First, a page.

In accordance with the Settlement Agreement executed by Clausen and Dynatron/Bondo, Clausen is obligated to pay to Dynatron/Bondo $5.00 for each five gallon air operated dispenser of the type illustrated and described in said [Clausen] catalog which was made, used or sold by or on behalf of Clausen.
The prayer for relief in the proof of claim is for disclosure of the number of such pails, and for the payment of the $5.00 per pail called for in the agreement. Thus it is clear that the proof of claim pleads a claim for enforcement of the Settlement Agreement, and no other claim. It was amended in October 3, 1985 to include a reference to Reissue Patent Re 31,934, granted in the meantime, but the amendment made no change in the relief requested: enforcement of the Settlement Agreement in accordance with its terms.
With Clausen out of reorganization, but Dynatron's proof of claim still pending in the bankruptcy court, Dynatron filed a two count complaint in the district court on February 11, 1987. Dynatron/Bondo Corporation v. The Clausen Company, Civil No. 87-362. Count I alleges that Clausen has infringed Patent No. 3,957,176, and continues to infringe Reissue Patent Re 31,934. Count II alleges that Clausen has breached the Settlement Agreement and seeks the same relief sought in Dynatron's proof of claim in the bankruptcy court, namely, $5.00 a pail for each air operated putty pail made, used or sold by Clausen.
On June 8, 1987 Clausen moved to transfer Civil No. 87-362 to the bankruptcy court. The district court declined to transfer the entire action. Instead the court retained Count I, alleging patent infringement, but transferred Count II to the bankruptcy court, where it was given Adversary No. 87-0915 (TS) in Case No. 85-02027. Count I of Civil No. 87-362, the patent infringement claim, remains pending in the district court to this day. No order was made severing Count I and Count II.
In the bankruptcy court Clausen moved in January 1988 for summary judgment on Count II of Civil No. 87-362 (Adversary No. 87-0915 (TS)), on the ground that the Settlement Agreement as a matter of law constituted patent misuse, and was thus unenforceable. The bankruptcy judge granted this motion. Dynatron appealed the bankruptcy judge's summary judgment on Count II of Civil No. 87-362 to the district court. On November 30, 1988 that court affirmed. Dynatron appealed the order affirming the summary judgment on Count II of Civil No. 87-362 to the Court of Appeals for the Federal Circuit. It is not clear whether Dynatron contended the appeal lay there because Count I of Civil No. 87-362 alleged patent infringement, or because the summary judgment on Count II was granted because of a patent misuse defense, or because the enforcement of the Settlement Agreement sought in Count II might turn on an issue of patent infringement. The claimed basis for appellate jurisdiction in the Federal Circuit makes little practical difference, however, because on March 8, 1989 that court dismissed the appeal on the grounds that an appeal from a district court order dismissing only one count of the two counts in Civil No. 87-362 was not an appealable order. See Fed.R.Civ.P. 54(b). No matter where the appeal had been taken, the conclusion that the order appealed from was not final for purposes of appeal would have been the same when there was no severance of the two counts.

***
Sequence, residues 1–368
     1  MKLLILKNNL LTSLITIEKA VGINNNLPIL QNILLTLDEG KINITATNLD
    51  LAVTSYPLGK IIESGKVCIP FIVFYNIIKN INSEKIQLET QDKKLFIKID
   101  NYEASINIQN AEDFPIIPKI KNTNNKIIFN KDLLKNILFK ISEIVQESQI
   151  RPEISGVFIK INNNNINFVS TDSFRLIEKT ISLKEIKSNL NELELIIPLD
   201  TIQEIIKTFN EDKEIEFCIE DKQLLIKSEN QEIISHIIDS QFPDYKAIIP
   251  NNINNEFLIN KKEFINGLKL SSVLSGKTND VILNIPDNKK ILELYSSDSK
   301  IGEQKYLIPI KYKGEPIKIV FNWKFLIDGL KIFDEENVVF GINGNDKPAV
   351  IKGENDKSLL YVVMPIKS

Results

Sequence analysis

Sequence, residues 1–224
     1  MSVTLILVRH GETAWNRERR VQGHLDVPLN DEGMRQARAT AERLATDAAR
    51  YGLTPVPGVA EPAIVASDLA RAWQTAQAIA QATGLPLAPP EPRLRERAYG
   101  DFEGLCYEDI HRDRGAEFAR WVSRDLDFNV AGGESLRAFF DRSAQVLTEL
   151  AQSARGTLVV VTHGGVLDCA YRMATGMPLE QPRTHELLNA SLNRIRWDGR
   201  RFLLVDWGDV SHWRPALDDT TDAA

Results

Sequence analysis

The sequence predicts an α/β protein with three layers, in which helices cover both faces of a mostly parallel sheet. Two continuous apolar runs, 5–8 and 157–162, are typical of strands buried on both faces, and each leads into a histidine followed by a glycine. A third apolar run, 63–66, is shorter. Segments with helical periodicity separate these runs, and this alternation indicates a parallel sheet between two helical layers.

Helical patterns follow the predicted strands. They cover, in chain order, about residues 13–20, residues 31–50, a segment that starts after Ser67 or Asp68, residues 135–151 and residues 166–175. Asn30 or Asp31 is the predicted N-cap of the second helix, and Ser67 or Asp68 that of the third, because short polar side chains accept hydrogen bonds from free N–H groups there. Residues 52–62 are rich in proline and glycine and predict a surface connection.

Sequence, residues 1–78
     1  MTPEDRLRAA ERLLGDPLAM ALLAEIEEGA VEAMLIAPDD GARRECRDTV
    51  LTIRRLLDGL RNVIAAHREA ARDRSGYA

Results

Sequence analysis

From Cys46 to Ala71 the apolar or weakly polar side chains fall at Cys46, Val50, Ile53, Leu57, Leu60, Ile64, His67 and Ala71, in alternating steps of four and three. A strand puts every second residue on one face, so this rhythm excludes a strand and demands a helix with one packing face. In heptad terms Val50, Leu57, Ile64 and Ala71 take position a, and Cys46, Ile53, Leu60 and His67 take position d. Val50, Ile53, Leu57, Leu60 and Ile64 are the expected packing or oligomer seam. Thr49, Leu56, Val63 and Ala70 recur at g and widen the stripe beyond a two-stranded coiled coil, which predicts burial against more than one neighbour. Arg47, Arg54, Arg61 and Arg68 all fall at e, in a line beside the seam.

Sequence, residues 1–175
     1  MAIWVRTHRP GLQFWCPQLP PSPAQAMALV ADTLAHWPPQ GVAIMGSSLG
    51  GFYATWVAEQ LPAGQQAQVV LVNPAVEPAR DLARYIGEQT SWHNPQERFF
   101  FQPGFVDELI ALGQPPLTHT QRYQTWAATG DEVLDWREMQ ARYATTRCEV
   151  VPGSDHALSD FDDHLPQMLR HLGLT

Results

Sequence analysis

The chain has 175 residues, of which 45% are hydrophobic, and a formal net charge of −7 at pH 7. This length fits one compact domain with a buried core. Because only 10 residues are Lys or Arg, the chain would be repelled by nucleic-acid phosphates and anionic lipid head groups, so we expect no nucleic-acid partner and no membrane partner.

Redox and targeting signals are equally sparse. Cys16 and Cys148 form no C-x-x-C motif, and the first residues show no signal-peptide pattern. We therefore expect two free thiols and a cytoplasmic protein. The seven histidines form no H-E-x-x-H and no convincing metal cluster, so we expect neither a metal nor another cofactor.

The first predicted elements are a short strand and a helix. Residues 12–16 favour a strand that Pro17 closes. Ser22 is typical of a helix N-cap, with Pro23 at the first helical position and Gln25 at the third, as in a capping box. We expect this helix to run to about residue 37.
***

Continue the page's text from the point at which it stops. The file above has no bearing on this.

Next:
Meanwhile, on March 24, 1987 Clausen filed in the bankruptcy court an adversary proceeding seeking a declaration of non-liability on the proof of claim referred to in Part I-B above. This adversary proceeding is identified as Adversary No. 87-0227 (TW), in Case No. 85-02707, the Chapter 11 proceeding. The complaint in this adversary proceeding seeks as relief a declaration that Clausen is not liable on Dynatron's proof of claim. It alleges that a plan of reorganization was confirmed. Additionally, it alleges:
7. Upon information and belief, no adversary proceeding was ever commenced by [Dynatron] with respect to either the Original Proof of Claim or the Amended Proof of Claim. Plaintiff believes that it has no liability to defendant on account of either the Original Proof of Claim or the Amended Proof of claim.
This cryptic recital could be read as alleging that Dynatron's failure to commence an adversary proceeding waived its Settlement Agreement claim, or that Clausen had a legal defense to the Settlement Agreement claim. From Dynatron's answer and counterclaim in Adversary No. 87-0227(TW) it appears that Dynatron read it as making both assertions. The answer alleges that the filing of its proof of claim commenced an adversary proceeding. The counterclaim alleges that Clausen is liable on the Settlement Agreement for $5.00 a putty pail. In any event, the pleadings in Adversary No. 87-0227(TW) make it clear that both in the proof of claim and in the counterclaim Dynatron seeks only to enforce the Settlement Agreement, while Clausen seeks only a declaration that it is not liable on that agreement.
The bankruptcy judge in Adversary No. 87-0227 (TW) granted summary judgment for Clausen on April 7, 1988. The bankruptcy judge reasoned that his decision on Count II in Civil No. 87-362, holding that the Settlement Agreement was unenforceable because of patent misuse, was res judicata in Adversary No. 87-0227 (TW) and thus barred the enforcement of the proof of claim or the counterclaim. On April 12, 1988 Dynatron appealed this ruling to the district court.